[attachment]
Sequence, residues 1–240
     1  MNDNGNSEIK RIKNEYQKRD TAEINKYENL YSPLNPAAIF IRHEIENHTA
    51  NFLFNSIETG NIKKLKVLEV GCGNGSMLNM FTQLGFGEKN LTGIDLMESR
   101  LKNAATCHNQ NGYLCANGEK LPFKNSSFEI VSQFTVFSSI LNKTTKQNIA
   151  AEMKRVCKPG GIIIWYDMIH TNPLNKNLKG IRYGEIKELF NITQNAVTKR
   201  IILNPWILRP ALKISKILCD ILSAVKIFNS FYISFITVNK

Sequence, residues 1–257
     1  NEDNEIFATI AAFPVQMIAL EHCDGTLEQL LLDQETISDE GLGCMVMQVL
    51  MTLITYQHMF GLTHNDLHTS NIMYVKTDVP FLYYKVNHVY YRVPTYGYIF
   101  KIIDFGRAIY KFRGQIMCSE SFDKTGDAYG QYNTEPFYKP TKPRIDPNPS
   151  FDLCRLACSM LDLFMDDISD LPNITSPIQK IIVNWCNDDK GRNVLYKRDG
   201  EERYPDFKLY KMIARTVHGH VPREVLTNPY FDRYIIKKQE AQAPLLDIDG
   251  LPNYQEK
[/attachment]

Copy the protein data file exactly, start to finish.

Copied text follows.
Sequence, residues 1–240
     1  MNDNGNSEIK RIKNEYQKRD TAEINKYENL YSPLNPAAIF IRHEIENHTA
    51  NFLFNSIETG NIKKLKVLEV GCGNGSMLNM FTQLGFGEKN LTGIDLMESR
   101  LKNAATCHNQ NGYLCANGEK LPFKNSSFEI VSQFTVFSSI LNKTTKQNIA
   151  AEMKRVCKPG GIIIWYDMIH TNPLNKNLKG IRYGEIKELF NITQNAVTKR
   201  IILNPWILRP ALKISKILCD ILSAVKIFNS FYISFITVNK

Sequence, residues 1–257
     1  NEDNEIFATI AAFPVQMIAL EHCDGTLEQL LLDQETISDE GLGCMVMQVL
    51  MTLITYQHMF GLTHNDLHTS NIMYVKTDVP FLYYKVNHVY YRVPTYGYIF
   101  KIIDFGRAIY KFRGQIMCSE SFDKTGDAYG QYNTEPFYKP TKPRIDPNPS
   151  FDLCRLACSM LDLFMDDISD LPNITSPIQK IIVNWCNDDK GRNVLYKRDG
   201  EERYPDFKLY KMIARTVHGH VPREVLTNPY FDRYIIKKQE AQAPLLDIDG
   251  LPNYQEK